We had to calm ourselves on the verandah where we could see even a worm that would crawl to us on the cement. I kept thinking that things were going swell until we opened that bathroom in the maid’s quarters. It was not a good omen. However, after a few minutes sitting on the verandah sipping Green Spot lemonade that the agent had brought, and with the view of the vast expanse over the Strait of Johore with modern bustling Singapore in the distance, I fell in love again with the house, the cobra notwithstanding. Persuading Karen however, took some time.

            From the modernish décor we were expecting the owner to be a rich Chinese professional. He was now perhaps fed up with Malaysia and ready to emigrate to Australia. Imagine our surprise when our agent took us to a dirty Chinese settlement to meet an elderly man living in a shack. He could hardly speak a word of Malay or English. I was sure that he was one of those hawkers described in McGee’s book who had through sheer frugality and hard work saved a lot and built for himself a beautiful house on the hill. Then when he discovered that his neighbors were doctors and lawyers, felt uncomfortable living there. Indeed, at the bottom of the hill resided the state medical director, my local superior. Across the street was a lawyer turned entrepreneur. He had harnessed the needs of the thousands of Malaysians studying in Britain to come home for vacations every so often into a lucrative airline charter business.

            The whole Chinese neighborhood came out to see what this white woman with an officious looking Malay were doing slumming in the area. It took quite a bit of coaxing by our agent to get the man out of his shack just to talk to us.

            It did not take long for me to decipher from the man’s body language and the abbreviated responses he gave our agent that the deal was not going through. The man looked like a cowed Chihuahua with a prized T-bone steak in his mouth, trying to hide it so no one could see and thus grab his prized possession. Yes, he had changed his mind about selling, the agent told us, and we left. I was devastated; Karen less so. She was in fact relieved. That earlier encounter with the cobra was indeed a premonition that we were not welcomed in that house on top of the hill.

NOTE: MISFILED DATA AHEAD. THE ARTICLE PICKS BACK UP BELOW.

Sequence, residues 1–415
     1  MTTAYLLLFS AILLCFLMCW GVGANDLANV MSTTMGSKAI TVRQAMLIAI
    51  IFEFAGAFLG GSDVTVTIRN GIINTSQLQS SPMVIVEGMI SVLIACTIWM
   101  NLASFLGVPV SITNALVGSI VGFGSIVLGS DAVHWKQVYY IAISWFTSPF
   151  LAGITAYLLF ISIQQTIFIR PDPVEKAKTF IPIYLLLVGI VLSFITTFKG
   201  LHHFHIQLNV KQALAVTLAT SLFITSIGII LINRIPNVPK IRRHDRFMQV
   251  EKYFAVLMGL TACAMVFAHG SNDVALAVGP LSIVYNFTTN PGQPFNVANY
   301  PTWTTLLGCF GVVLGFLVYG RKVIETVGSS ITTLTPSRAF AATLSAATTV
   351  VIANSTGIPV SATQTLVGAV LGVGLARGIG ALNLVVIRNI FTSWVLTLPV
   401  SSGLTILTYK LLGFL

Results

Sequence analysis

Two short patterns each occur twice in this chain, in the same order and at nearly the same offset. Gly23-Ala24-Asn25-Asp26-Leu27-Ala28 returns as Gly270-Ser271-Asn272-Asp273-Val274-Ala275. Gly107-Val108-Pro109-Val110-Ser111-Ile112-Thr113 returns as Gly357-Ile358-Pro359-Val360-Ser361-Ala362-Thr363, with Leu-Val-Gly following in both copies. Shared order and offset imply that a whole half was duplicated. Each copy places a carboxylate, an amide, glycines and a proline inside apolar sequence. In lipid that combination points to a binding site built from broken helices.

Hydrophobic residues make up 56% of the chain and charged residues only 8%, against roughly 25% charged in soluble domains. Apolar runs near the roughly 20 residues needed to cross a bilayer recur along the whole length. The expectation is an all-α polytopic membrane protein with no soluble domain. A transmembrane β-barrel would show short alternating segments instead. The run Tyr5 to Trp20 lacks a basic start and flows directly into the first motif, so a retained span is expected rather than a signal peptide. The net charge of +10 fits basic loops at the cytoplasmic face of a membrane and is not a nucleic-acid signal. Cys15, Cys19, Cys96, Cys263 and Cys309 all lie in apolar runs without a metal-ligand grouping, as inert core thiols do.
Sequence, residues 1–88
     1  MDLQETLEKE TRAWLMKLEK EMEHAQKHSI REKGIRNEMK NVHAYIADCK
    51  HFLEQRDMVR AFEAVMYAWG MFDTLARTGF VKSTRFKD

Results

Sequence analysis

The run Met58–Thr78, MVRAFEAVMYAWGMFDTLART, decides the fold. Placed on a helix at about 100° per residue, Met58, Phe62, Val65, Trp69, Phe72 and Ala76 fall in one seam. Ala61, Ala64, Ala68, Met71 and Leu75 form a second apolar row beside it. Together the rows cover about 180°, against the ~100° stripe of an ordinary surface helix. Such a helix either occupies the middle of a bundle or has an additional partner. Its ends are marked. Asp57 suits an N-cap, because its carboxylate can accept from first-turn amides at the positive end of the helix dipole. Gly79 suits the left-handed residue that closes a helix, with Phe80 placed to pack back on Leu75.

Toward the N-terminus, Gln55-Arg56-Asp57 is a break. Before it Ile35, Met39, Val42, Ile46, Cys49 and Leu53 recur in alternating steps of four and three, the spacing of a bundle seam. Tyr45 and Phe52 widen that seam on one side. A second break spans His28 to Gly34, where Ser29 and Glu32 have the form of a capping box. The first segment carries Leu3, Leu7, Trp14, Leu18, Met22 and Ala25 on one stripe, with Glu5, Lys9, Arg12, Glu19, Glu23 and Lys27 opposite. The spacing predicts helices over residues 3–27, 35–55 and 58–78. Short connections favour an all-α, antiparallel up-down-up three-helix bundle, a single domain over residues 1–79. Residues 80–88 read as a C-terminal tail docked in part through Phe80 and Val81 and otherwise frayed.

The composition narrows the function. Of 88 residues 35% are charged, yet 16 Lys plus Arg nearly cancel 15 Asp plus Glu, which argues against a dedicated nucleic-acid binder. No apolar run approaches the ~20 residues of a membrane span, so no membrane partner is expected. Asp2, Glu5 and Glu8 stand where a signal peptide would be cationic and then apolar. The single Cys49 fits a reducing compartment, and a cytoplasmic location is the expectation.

I related our experience to my brother Sharif and his wife Zainab. Our accepting the full asking price right off the bat was a big mistake, they advised us. A rookie’s eagerness, also a mistake. The owner took that as a sign that it was underpriced, which it probably was. I should have offered a much lower figure and also not have brought Karen along with me. Seeing a white lady only confirmed the owner’s suspicion about the house being modern and desirable to a Mom Salleh (white woman), and therefore underpriced.

            It would have been prudent had I emphasized that the property being adjacent to the palace grounds, to remind the owner that it was vulnerable. The sultan could grab it at any time without any compensation. Malay sultans are fond of doing those kinds of things.

            I should have also brought up the encounter with the cobra and the bad luck that it symbolized, Sharif suggested. However, that could have backfired. To the Chinese, snakes are considered auspicious, a mini dragon guarding the place.

            That was our only house hunting saga in JB. While our experience was radically different from what we had endured in KL, the results were the same. We were unsuccessful. We were destined to reside at No: 2, Jalan Baiduri, off Jalan Kolam Ayer.

Next:  Excerpt # 41:  An Easy Transition
Excerpted from the author’s second memoir, The Son Has Not Returned.  A Surgeon In His Native Malaysia, 2018.